by Hillary Jordan
Algonquin Books, 2008
source: personal copy
Summary (from Goodreads):
In Jordan's prize-winning debut, prejudice takes many forms, both subtle and brutal. It is 1946, and city-bred Laura McAllan is trying to raise her children on her husband's Mississippi Delta farm--a place she finds foreign and frightening. In the midst of the family's struggles, two young men return from the war to work the land. Jamie McAllan, Laura's brother-in-law, is everything her husband is not--charming, handsome, and haunted by his memories of combat. Ronsel Jackson, eldest son of the black sharecroppers who live on the McAllan farm, has come home with the shine of a war hero. But no matter his bravery in defense of his country, he is still considered less than a man in the Jim Crow South. It is the unlikely friendship of these brothers-in-arms that drives this powerful novel to its inexorable conclusion.
The men and women of each family relate their versions of events and we are drawn into their lives as they become players in a tragedy on the grandest scale. As Kingsolver says of Hillary Jordan, "Her characters walked straight out of 1940s Mississippi and into the part of my brain where sympathy and anger and love reside, leaving my heart racing. They are with me still."
I loved Mudbound! It is my first (and only) five-star read of the year and will surely appear on my list of favorites in December. It has everything I look for in a book: well-drawn characters, a setting that comes to life, a compelling story, and truly exceptional writing.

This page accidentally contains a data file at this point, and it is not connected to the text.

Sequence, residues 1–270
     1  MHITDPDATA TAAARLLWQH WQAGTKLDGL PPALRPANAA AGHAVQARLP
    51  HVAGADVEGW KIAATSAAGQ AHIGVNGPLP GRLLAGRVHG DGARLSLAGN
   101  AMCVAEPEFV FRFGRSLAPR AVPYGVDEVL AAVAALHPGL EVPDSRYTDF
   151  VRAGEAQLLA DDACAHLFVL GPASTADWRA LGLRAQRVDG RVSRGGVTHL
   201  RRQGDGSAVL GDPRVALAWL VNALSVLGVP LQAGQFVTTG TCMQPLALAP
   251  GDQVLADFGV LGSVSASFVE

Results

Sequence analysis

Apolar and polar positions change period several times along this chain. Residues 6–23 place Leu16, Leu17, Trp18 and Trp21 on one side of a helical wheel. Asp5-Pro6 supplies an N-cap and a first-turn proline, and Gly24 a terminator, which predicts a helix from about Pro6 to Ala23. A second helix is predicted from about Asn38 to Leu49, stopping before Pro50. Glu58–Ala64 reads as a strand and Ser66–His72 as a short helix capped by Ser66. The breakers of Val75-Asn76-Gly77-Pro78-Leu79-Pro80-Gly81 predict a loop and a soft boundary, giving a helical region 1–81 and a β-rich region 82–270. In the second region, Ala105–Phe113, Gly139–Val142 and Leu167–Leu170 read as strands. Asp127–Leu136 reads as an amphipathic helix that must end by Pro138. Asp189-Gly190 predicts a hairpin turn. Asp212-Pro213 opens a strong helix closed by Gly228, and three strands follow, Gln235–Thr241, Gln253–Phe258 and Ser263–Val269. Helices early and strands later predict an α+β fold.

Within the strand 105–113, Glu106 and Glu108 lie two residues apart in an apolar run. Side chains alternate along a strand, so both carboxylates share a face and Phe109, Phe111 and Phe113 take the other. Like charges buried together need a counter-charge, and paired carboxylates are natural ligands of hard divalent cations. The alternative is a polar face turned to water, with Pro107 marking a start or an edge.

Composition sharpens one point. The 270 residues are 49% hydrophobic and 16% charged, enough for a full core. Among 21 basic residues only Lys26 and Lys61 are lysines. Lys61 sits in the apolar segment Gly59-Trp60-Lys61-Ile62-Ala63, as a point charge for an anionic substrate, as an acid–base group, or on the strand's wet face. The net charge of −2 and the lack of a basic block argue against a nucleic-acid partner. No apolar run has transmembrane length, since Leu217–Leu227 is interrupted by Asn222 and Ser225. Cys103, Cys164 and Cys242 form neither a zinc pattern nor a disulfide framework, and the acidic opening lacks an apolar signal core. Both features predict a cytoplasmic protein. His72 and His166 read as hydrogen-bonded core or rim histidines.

Novels with multiple points-of-view always appeal to me, and Mudbound, featuring six different viewpoints, has been described as a virtual chorus. Set in the deep south of the 1940's, the characters very effectively mirror each other on either side of the racial divide - two wives/mothers, two farmers/husbands/fathers, and two young men returning home from WWII.
As the characters and plot gradually developed over the first half of the book, I found myself savoring Jordan's beautiful writing. Before I knew it, I was unable to stop turning the pages and even wiped away a tear or two before reaching the very emotional conclusion.
A couple of favorite quotes:
"When it rained, as it often did, the yard turned into a thick gumbo, with the house floating in it like a soggy cracker. When the rains came hard, the river rose and swallowed the bridge that was the only way across. The world was on the other side of that bridge, the world of light bulbs and paved roads and shirts that stayed white. When the river rose, the world was lost to us and we to it." p.11
"How simple things were for Henry! How I wished sometimes that I could join him in his stark, right-angled world, where everything is either right or wrong and there is no doubt which is which. What unimaginable luxury, never to wrestle with whether or why, never to lie awake nights wondering what if." p.182Book club reaction:
Mudbound was the February selection for my book club, but it turned out to be late March before a small group of six actually met at a local coffee shop for discussion. Everyone read the book and loved it. Topics of discussion ranged widely from the beauty of Jordan's writing to racial relations and prejudice, both past and present. We talked about women's issues, farming and sharecropping, WWII, and the difficulties in returning to civilian life after war. Several members declared the book an all-time favorite.
If you haven't read Mudbound yet, do it now!